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The most expensive purchase the average person makes in their life is a home — so it’s a stressful endeavor, to the say the least. The current state of affairs isn’t making it any less stressful.
With so much economic uncertainty, it’s understandable if you’re hesitant about moving or making your first home purchase. But you can assess your home-buying budget without committing to anything. And if you decide you’re not ready, you can take steps now that will help you be better prepared in the future, like strengthening your credit or saving for a bigger down payment.
This is a tactic an increasing number of home buyers and sellers have taken during the pandemic. Across the U.S. this spring, the number of new listings and homes for sale went down year over year. At the same time, lenders began scrutinizing borrowers’ employment status more closely and raising requirements for credit scores and down payments. Many buyers have been forced to the sidelines.
As a chunk of the housing market shifts into “wait and see” mode, now is a great time to be proactive with your home-buying budget.
Why Having a Budget Is Important
Only once you have a sense of your overall budget — how much you have coming, going out, and in savings — can you consider what you might spend on a new home purchase.
“The best advice I give is to buy a home you can afford,” says Eric Chen, a financial consultant and associate professor of business administration at the University of St. Joseph. “But you’re not going to know what you can afford until you budget.”
When you’re calculating your home-buying budget, leave room for unexpected expenses. The most expensive home you can afford isn’t necessarily the one you should buy.
How Much House Can I Afford?
Your bank or mortgage lender can help you estimate how much your new home purchase will cost in terms of monthly payments, ongoing expenses like private mortgage insurance, and up-front fees such as closing costs. You can get ahead of the process by using a mortgage payment calculator. Be sure to have your income, estimated down payment, and other financial information ready to go.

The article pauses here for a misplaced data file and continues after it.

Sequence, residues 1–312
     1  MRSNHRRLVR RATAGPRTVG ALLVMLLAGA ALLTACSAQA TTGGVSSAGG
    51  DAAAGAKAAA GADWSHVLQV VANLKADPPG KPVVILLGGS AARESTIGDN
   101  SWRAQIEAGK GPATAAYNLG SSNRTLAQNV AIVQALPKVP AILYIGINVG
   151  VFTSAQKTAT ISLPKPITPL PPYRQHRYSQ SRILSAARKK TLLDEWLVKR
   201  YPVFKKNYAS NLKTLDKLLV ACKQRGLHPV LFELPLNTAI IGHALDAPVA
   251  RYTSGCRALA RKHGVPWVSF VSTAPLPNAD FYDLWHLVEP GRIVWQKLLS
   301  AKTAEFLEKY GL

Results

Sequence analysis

Note that the number you are approved to spend by your lender is the maximum you should consider paying for a home. You’re probably better off shooting for an amount below the maximum. “I always recommend people try to avoid buying right at the high end of their budget,” says David Pipp, who runs the family financial website Living Low Key. “You don’t want to be strapped for cash and have an emergency come up you can’t pay for.”
“A good rule of thumb to follow is the 28/36% rule,” says Austin Weyenberg, founder of the personal finance blog The Logic of Money. “This means your monthly mortgage payment should be no more than 28% of your pre-tax income, and your total debts should be no more than 36% of your total pre-tax income.”
Molly Ford-Coates, an accredited financial counselor and the founder and CEO of Ford Financial Management, is even more conservative. “I tell people their housing expenses shouldn’t exceed more than 25% of their gross monthly income, and their total mortgage should not exceed more than two to two and a half times their annual income.”
In the end, the answer to the question “how much mortgage can I afford?” is a personal one. If you’ve done the necessary homework to ensure you’re not getting in over your head and have enough money in reserve for emergencies, you can come up with a reasonable number for what percentage of your income should go to housing.
Interest Rate Impact on Your Budget
Your interest rate plays a bigger role in your payment than may you realize. Consider this example, using our mortgage calculator:
|Payment Details||Payment Amounts|